I would say that if a fighter is "overpowered" at level 1, he probably deserves it, and should enjoy it while it lasts.


Saturday, June 03, 2017
Marathon vs. Sprint

Three years ago I called 5th edition Dungeons & Dragons the least balanced of all D&D editions. While I am a lot less exasperated by the rules now, I still believe this is true. However at least for my own campaign I now also know how to better balance the system, and that without having to change the rules.

A level 1 fighter and a level 1 wizard are going adventuring together. Who is going to do better? The fighter has a 16 Strength and a greataxe, which gives him a +5 to hit modifier, dealing 1d12+3 points of damage on a hit. The wizard has a burning hands spell, dealing 3d6 damage on multiple opponents, no to hit roll required, but the monsters can roll a saving throw for half damage. He has a sleep spell that affects 5d8 worth of monster hit points. His other level 1 spells are similar in power, So in the first fight the wizard is very likely to make a much stronger appearance than the fighter. While the fighter kills 1 kobold every round, the wizard knocks out several in each of the first two rounds. However the wizard gets only 2 spell slots at level 1, plus a third once per day with arcane recovery.

A marathon runner and a sprinter are racing each other. Who is going to do better? The answer obviously depends on the length of the race. In a short race the sprinter has a clear advantage, but the longer the race is, the more likely the marathon runner is to catch up. The marathon runner in 5E is the fighter, or similar classes, while the sprinter is the wizard, or other classes with lots of burst damage. While fights in 5E are generally short, the rules are designed around an adventuring day of 6 to 8 encounters. That is 20+ combat rounds. Yes, the wizard is going to dominate 3 of them. But for the rest he is going to sit there and cast the fire bolt cantrip for straight 1d10 damage, while the fighter is still doing his 1d12+3 with the same attack bonus. If you plot the cumulative damage the fighter and the wizard deal over the adventuring day, at some point the fighter will catch up or surpass the wizard.

So is the system balanced? Unfortunately that depends now very much on the DM. Because it is the DM who ultimately decides the length of the race, how many rounds of combat each adventuring day has. Most people still think that the wizard is the far stronger class than the fighter. The 6 to 8 encounters per day rule isn't widely applied, and most people have less encounters before a long rest, which favors the wizard sprinter over the fighter marathon runner. And of course there is the psychology of people simply not remembering boring combat rounds in which everybody just did his base attack; the wizard dropping a bunch of monsters with one fell swoop is a lot more memorable and exciting.


Thursday, June 01, 2017
Fleks3D system no compatible with XYZ da Vinci Jr. 1.0w

The short version of the story is in the title: I bought a Fleks3D system build plate for my XYZ da Vinci Jr. 1.0w and it turned out to be not compatible. I wasted $50.

A filament 3D printer creates an object in 3D by building it up, layer by layer, from the bottom to the top. That necessitates that the bottom layer sticks well to the build plate. If it doesn't, the movement of the print head moves the object around, and the next layer doesn't go to the right place. Many printers come with glass plates, so you need to modify that build plate in order to make your prints stick. But not too much, because otherwise you can't get them off easily.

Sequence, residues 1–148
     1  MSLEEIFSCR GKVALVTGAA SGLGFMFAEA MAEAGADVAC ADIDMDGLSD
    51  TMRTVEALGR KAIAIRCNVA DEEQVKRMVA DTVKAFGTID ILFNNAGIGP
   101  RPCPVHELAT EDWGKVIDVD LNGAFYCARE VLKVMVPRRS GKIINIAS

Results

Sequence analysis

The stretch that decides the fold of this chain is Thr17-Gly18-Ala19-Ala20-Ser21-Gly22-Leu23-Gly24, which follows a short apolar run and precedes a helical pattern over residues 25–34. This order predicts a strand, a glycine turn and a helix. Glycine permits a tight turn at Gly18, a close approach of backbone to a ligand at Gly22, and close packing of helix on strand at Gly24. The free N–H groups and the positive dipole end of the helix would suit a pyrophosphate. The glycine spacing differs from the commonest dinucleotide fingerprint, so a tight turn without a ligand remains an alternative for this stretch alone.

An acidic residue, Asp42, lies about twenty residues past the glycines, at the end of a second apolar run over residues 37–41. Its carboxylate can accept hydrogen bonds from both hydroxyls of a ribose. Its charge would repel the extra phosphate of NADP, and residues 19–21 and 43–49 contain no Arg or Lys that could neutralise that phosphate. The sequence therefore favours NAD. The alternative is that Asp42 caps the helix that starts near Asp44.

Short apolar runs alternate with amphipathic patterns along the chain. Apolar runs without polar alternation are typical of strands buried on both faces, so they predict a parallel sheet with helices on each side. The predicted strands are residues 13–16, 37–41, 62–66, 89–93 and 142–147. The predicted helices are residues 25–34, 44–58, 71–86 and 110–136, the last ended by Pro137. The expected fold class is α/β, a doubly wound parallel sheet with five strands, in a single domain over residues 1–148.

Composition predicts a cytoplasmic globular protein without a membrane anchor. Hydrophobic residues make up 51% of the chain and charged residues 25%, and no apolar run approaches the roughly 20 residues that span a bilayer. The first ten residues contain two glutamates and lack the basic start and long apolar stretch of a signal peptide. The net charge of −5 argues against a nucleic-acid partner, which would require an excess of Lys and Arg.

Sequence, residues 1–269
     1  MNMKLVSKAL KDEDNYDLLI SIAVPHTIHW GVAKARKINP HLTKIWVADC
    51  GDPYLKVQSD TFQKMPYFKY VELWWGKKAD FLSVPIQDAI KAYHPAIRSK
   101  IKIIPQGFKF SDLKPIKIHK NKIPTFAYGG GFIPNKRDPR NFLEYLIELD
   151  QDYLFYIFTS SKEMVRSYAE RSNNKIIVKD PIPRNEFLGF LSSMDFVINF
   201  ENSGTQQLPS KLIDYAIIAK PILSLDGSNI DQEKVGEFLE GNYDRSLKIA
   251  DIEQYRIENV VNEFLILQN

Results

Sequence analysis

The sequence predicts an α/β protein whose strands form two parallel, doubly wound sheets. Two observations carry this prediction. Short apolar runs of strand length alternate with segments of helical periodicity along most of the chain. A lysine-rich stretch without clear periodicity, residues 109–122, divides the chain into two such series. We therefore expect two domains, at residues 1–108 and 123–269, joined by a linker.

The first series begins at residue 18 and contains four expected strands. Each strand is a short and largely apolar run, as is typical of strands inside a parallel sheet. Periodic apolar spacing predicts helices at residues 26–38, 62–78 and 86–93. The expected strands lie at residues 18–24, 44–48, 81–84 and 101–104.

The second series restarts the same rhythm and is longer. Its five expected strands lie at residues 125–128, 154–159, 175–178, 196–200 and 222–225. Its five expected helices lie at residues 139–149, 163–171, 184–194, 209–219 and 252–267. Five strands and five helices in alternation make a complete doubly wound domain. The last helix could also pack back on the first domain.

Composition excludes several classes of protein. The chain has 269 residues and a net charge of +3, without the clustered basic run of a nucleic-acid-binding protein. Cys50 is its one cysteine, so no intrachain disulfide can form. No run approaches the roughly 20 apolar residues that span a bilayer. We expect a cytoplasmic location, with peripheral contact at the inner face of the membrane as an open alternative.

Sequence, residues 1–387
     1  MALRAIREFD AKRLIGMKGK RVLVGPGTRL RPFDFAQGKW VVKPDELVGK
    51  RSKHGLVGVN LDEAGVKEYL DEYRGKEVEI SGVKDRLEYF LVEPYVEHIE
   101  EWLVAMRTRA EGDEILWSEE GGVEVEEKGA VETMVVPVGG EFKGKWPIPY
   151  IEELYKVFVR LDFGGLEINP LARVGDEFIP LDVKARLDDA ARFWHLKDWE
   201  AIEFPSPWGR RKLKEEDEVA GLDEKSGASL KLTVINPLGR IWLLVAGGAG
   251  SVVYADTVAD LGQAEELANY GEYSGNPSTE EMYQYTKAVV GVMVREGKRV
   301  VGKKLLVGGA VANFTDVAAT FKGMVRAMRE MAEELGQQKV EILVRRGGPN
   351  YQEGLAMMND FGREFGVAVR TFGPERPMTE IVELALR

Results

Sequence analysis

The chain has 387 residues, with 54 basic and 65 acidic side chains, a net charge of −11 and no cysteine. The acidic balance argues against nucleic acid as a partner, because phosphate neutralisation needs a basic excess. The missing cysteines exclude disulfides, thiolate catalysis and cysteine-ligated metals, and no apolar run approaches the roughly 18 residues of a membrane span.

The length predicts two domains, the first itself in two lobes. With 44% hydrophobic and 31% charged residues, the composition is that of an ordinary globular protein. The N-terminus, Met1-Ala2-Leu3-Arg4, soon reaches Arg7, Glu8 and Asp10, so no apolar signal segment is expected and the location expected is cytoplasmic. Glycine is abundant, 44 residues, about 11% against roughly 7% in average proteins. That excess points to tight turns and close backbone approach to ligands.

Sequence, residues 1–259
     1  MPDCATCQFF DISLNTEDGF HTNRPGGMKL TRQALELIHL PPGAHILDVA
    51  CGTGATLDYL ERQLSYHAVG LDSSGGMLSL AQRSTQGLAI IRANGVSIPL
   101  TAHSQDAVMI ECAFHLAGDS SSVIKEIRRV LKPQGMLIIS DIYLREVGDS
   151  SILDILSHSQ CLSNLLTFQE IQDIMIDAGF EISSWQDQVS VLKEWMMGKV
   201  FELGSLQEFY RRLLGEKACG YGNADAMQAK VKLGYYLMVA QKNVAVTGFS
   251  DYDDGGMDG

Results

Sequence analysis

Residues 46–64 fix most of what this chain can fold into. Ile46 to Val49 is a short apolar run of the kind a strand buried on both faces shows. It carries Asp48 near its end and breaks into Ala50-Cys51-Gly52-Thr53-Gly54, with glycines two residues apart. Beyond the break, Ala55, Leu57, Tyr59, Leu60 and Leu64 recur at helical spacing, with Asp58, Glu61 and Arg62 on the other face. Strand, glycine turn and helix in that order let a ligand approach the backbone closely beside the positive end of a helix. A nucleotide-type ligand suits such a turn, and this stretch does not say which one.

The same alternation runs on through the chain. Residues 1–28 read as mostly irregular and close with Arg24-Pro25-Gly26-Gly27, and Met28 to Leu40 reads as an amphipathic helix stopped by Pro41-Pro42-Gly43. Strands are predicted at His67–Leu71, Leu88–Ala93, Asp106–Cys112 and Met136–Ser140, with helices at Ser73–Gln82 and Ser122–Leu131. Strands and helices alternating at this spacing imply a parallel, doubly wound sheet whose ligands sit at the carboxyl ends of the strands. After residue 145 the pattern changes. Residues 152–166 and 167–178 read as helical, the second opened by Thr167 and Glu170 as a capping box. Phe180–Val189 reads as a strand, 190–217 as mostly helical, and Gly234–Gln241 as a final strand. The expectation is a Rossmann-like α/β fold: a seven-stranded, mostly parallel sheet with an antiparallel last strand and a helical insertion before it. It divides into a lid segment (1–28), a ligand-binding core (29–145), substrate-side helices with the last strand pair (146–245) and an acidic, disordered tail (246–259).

There are a lot of homebrew solutions to that. Some people use a glue stick. A less messy method is using masking tape, the sort used when painting your house. But as the masking tape is at best 2" broad, you then need to put 3 rows next to each other without overlapping or leaving gaps, which is a bit fiddly. And you need to replace it after a few runs. XYZ Printing is selling 6" bed tape, which works great, but isn't exactly cheap at $1 per square.

So when I stumbled upon Fleks3D, who are offering a re-usable plastic build plate system, I thought it would be worth a shot. The idea is that the plastic is removable, and can be bent for easier removal of the plastic item printed on it. So I bought the 6"x6" system, which I thought would fit on my XYZ da Vinci Jr. 1.0w build plate. Well, it did fit more or less (surprisingly I found it a bit small, in spite of the print area of my printer supposedly being only 5.9"x5.9"). But what I hadn't considered was the thickness of the added Fleks3D build plate of over 3 mm. The instructions helpfully suggest to lower the bed by slightly more than 3 mm, but on the XYZ printers you can't lower the bed at all. You can raise the print head with the Z-offset setting, but not by much. So even with the Z-offset set to maximum my print head scratched the Fleks3D build plate and couldn't print.

Now I could have tried to remove the glass plate to get a lower surface. But the surface below the glass didn't look very flat, and the removal not easy. I was worried that if I messed that up, I would have no working build plate at all. Furthermore experimenting with the Fleks3D plastic surface showed that it wasn't as flexible as I would have thought. And I could see that after some bending it wouldn't necessary be level on the build plate any more. So I decided to cut my losses and just gave up on that system. I got some more XYZ bed tape, and when that runs out, I might try the much thinner BuildTak system.

[EDIT: Actually it appears as if the nozzle scratching over the Fleks3D build plate has damaged my nozzle. I need to buy a new nozzle system. :( ]